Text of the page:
With the sweeping stay-at-home order in effect across the country to halt the spread of coronavirus, local police are adjusting and adapting their SOP (Standard Operating Procedures). Many businesses that do stay open and people who are out and about during the next three weeks for anything outside an “essential” task or functions are, technically, subject to a misdemeanor citation under the recommendations of the federal mandate.
According to DeKalb Police Commander Steve Lekkas, “we are continuing to do our everyday jobs and trying to keep the community safe.” Commander Lekkas said there has been a minor decline in low-level crimes but other areas of law enforcement and service continue to stay the same. “With most people following the ‘stay-at-home’ mandate, we do see fewer cars on the road which makes it easier to spot the violators.”
“We are not stopping cars and asking if the driver is part of the essential need to travel group,” said Lekkas. And the rumor that people need letters from their bosses that they should be traveling is also misleading. “If there are group gathering we may get a call to disperse, but there are an array of allowances and circumstances for who can be out and why— including walking the dog, going to the store, or going on a hike or bike ride, as long as there is social distancing — it would be difficult to quickly discern a violation.”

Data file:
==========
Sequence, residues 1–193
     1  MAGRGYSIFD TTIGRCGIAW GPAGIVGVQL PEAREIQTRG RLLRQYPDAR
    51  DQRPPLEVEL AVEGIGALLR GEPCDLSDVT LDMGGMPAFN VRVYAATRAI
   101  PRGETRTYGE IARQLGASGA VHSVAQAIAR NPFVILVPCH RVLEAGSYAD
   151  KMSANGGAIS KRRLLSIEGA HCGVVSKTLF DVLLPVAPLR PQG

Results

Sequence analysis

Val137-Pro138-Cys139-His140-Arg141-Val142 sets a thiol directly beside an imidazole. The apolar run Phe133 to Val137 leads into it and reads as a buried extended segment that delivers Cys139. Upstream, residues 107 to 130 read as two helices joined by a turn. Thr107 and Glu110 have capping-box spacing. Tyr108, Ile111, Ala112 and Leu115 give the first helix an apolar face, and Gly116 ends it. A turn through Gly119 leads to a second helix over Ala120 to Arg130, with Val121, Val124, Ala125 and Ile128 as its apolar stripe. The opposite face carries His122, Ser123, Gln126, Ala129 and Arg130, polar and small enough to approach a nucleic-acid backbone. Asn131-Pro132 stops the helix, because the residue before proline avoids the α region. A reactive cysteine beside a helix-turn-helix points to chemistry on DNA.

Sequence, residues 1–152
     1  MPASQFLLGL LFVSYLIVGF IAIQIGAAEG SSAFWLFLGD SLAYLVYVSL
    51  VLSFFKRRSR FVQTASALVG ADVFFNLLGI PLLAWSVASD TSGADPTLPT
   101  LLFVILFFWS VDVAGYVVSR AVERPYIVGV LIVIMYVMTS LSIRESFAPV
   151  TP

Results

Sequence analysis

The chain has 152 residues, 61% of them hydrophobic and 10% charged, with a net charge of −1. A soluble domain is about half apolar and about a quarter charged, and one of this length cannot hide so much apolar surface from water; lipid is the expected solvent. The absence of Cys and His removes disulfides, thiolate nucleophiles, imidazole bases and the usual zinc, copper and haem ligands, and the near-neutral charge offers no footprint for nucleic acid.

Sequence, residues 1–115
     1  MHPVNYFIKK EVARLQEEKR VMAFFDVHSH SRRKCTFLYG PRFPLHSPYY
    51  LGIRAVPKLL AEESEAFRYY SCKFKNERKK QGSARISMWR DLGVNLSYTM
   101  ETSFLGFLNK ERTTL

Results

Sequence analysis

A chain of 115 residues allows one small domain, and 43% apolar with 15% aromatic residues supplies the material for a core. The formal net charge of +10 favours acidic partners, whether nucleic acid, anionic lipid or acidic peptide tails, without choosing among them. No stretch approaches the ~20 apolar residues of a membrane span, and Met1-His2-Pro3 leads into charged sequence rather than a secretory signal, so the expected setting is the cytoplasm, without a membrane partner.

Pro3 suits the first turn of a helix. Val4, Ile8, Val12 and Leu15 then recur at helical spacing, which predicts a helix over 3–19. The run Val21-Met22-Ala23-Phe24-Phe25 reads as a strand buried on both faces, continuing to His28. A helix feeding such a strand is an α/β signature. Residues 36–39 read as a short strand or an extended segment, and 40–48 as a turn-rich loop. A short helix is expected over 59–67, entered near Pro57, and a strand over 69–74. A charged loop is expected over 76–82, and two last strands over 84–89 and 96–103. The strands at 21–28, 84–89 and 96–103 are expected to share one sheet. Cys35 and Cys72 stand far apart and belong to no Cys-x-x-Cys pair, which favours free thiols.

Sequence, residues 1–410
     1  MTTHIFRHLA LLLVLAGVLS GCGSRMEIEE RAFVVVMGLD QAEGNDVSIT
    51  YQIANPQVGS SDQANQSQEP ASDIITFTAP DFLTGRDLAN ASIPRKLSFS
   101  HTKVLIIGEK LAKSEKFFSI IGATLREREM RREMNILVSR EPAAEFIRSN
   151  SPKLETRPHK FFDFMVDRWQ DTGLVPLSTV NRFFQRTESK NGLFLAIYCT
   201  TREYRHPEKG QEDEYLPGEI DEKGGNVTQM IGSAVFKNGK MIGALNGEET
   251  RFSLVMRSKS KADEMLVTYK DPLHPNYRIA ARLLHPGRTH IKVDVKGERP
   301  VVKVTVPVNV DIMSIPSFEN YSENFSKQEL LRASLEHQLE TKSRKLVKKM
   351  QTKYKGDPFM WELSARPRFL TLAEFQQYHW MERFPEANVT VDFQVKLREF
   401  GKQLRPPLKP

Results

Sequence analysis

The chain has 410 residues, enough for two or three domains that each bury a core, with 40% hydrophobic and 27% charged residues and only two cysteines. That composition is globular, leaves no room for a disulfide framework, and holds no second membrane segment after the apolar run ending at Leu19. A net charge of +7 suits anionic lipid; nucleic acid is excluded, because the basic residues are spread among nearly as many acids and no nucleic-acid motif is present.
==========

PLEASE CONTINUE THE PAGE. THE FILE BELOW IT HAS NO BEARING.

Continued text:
The ban on large gatherings and the closure of schools, libraries, park districts, bars and restaurants, retail stores, and non-essential businesses, along with social distancing, has upended every aspect of normal life. The 24/7 of the family unit being together may put a strain on future police calls and 911 calls. During all of this isolation, things could get rough mentally for some experiencing depression, anxiety, and PTSD.
“Our current number of calls for family problems, child abuse, and domestic family concerns has maintained at current numbers,” said Commander Lekkas. For victims of past domestic violence, this crisis is cutting them off from their social support networks and can lead to an increase in 911 calls or police visits in the future.
“The point of all this is to save lives and keep our community safe,” Lekkas said. “Our job is to serve and protect, and we are doing this to make our community a little nicer for our citizens.”